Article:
Problem of the Week Updated at Sep 16, 2019 4:41 PM

For this week we've brought you this equation problem.

How would you solve $$\frac{u}{4\times 5}\times \frac{u-3}{5}=-\frac{1}{50}$$?

Here are the steps:

$\frac{u}{4\times 5}\times \frac{u-3}{5}=-\frac{1}{50}$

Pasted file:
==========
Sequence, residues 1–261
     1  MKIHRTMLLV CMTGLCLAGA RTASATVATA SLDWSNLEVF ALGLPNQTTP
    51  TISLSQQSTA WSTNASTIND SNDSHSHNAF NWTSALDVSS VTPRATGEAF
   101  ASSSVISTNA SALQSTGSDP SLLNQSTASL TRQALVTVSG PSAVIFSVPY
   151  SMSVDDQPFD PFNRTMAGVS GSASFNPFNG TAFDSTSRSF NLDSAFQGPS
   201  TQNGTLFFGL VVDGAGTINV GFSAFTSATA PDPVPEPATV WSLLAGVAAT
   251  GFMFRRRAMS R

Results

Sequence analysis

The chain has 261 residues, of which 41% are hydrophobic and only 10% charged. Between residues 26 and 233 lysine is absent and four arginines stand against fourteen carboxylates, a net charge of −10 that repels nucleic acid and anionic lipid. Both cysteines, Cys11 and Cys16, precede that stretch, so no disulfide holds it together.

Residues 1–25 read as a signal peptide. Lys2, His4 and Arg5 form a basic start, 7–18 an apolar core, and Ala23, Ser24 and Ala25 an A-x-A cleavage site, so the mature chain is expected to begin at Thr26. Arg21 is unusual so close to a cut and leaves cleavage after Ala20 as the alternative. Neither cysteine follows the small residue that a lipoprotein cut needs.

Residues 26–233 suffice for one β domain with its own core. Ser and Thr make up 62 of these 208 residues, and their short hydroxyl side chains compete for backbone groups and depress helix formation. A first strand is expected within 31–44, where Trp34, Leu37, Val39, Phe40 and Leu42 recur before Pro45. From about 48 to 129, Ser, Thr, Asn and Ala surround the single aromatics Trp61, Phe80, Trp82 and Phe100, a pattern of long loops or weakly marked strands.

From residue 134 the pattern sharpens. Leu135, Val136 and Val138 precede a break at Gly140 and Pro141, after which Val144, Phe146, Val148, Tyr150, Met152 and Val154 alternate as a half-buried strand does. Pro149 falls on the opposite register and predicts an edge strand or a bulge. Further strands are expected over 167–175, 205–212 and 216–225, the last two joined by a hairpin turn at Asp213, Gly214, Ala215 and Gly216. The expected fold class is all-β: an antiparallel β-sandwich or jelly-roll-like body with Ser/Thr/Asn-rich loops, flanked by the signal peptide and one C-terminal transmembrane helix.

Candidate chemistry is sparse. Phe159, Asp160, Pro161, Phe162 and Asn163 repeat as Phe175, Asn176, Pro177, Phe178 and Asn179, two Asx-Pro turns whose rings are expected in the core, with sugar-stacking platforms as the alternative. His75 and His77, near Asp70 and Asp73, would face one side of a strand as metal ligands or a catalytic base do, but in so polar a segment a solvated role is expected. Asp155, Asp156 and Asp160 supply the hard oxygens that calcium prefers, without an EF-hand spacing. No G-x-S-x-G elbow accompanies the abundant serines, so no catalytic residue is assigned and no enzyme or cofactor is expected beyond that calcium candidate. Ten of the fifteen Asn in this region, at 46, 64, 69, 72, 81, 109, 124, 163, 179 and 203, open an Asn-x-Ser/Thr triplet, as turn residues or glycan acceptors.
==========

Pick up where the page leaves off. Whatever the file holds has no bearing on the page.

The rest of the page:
1 Simplify  $$4\times 5$$  to  $$20$$.$\frac{u}{20}\times \frac{u-3}{5}=-\frac{1}{50}$2 Simplify  $$\frac{u}{20}\times \frac{u-3}{5}$$  to  $$\frac{u(u-3)}{100}$$.$\frac{u(u-3)}{100}=-\frac{1}{50}$3 Multiply both sides by $$100$$.$u(u-3)=-2$4 Expand.${u}^{2}-3u=-2$5 Move all terms to one side.${u}^{2}-3u+2=0$6 How?Factor $${u}^{2}-3u+2$$.1 Ask: Which two numbers add up to $$-3$$ and multiply to $$2$$?$$-2$$ and $$-1$$2 Rewrite the expression using the above.$(u-2)(u-1)$To get access to all 'How?' and 'Why?' steps, join Cymath Plus!$(u-2)(u-1)=0$7 How?Solve for $$u$$.1 Ask: When will $$(u-2)(u-1)$$ equal zero?When $$u-2=0$$ or $$u-1=0$$2 Solve each of the 2 equations above.$u=2,1$To get access to all 'How?' and 'Why?' steps, join Cymath Plus!$u=2,1$Done u=2,1